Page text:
An ally for self-interest looks at the people they know and the injustices they face, rather than looking at society as a whole. Think about men who can only empathise with survivors of gendered violence when it affects their own female relatives. They can’t see that being an advocate for all women’s safety makes the community better for everyone.

Ally for altruism

An ally for altruism can see injustice happening, but doesn’t understand their role in perpetuating inequality. As an example, people often loudly proclaim themselves as allies, but become defensive if someone from a minority group calls out their own bad behaviour.

Author Ruby Hamad writes eloquently about one aspect of this in her book White Tears/Brown Scars: How White Feminism Betrays Women of Colour. In a workplace, it might be someone proclaiming to be an ally but becoming upset if it is pointed out to them that they used a word or phrase that is considered offensive.

Ally for social justice

What white, able-bodied, CIS people especially should work towards is being an ally for social justice. This type of ally doesn’t just talk the talk; they walk the walk. They work with marginalised groups without taking the spotlight. They consistently try to do better by seeking feedback and acknowledging prejudices pointed out to them even when it challenges their worldview.

As a workplace leader, you should endeavour to move beyond merely listening to the input and ideas from employees from marginalised groups to using what they tell you to make positive change in the organisation, including creating new opportunities and elevating people’s voices.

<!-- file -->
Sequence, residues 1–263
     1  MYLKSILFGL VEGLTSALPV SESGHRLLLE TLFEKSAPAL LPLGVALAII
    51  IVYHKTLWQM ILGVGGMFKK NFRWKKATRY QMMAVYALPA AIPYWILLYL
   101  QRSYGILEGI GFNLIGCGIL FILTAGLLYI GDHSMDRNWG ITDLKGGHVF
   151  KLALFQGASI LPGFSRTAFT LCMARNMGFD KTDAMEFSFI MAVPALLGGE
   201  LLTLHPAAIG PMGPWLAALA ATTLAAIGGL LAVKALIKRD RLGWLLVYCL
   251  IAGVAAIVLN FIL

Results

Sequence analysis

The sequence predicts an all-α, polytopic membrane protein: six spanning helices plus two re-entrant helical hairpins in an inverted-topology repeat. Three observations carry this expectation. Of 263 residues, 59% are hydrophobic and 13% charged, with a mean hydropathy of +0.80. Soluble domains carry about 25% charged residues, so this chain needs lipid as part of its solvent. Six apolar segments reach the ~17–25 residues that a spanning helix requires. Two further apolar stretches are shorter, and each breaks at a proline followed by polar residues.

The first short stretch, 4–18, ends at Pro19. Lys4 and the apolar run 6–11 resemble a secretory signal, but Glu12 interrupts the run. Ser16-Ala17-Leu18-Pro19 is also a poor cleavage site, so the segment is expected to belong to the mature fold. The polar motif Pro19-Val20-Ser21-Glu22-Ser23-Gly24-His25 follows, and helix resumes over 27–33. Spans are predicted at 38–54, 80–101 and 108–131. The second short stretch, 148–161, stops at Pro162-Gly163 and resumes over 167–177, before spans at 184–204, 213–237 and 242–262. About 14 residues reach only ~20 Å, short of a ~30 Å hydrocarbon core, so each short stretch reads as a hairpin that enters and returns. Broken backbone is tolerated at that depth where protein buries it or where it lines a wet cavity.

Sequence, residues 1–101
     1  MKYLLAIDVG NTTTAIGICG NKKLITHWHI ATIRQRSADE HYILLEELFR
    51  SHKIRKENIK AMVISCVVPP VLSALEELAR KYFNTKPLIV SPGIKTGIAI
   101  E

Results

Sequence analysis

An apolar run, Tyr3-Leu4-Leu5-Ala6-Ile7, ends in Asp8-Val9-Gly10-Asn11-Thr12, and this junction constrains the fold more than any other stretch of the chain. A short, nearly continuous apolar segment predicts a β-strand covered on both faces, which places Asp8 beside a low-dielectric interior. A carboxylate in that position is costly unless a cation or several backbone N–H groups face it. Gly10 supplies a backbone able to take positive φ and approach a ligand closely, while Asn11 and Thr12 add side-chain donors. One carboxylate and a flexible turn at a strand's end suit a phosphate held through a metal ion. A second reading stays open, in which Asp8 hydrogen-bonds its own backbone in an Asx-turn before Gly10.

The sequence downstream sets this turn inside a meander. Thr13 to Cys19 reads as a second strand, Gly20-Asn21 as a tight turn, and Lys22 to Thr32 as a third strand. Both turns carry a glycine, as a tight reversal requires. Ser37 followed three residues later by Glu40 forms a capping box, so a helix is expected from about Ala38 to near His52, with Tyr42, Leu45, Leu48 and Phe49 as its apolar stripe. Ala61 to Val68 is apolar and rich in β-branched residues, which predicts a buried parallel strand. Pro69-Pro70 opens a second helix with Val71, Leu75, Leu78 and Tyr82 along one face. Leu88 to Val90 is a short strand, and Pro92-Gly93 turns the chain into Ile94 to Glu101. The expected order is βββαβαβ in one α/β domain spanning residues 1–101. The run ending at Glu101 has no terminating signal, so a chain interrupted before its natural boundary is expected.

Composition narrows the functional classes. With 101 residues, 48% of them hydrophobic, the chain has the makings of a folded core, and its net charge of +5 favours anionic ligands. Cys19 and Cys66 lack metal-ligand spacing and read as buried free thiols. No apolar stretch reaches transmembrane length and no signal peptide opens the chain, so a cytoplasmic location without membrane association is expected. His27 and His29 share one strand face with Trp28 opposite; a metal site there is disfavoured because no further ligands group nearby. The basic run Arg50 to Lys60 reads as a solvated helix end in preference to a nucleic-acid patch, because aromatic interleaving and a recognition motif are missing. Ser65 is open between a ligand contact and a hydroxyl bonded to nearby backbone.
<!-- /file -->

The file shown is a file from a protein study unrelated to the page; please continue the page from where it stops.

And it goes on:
How to become an ally

Becoming an ally is a series of alignment of words and actions, but it is not self-bestowed. Allyship is an experience, endorsed by others

Like any new skill, becoming an ally requires practice. Good allies know when to ask questions, but equally when to be quiet. They don’t place the burden of their own learning on people from marginalised groups by asking them to recount trauma. Instead, they take it upon themselves to search out and study the many resources that already exist. They don’t ask women of colour to speak at their International Women’s Day event, for instance, without also offering to pay them for their time and experience. Performative allyship – where public support for a cause doesn’t translate into action – is not the goal.

In a workplace, leaders – and not only officially recognised ones – can become strong allies at work by considering the perspectives of employees and colleagues from marginalised communities and being open to change. When they witness discrimination, they call it out in the moment. They continue to educate themselves but seek permission before asking someone from a marginalised group to speak about the problems they face. If that person says they’re happy to address it, a good ally listens openly and with humility.

Allyship in Action: The head of department at a large FMCG organisation went and enrolled in training that help them better understand the experience of Indigenous Australians. They are using this knowledge to spark conversations about how the leadership team can better support and make work inclusive for their indigenous employees.

It’s important when attempting to become a better ally that you understand you are different from many people around you. Understanding the concept of white privilege and listening deeply to the experiences of other groups, then sitting quietly with what you’re told, is an excellent starting point to becoming a good ally.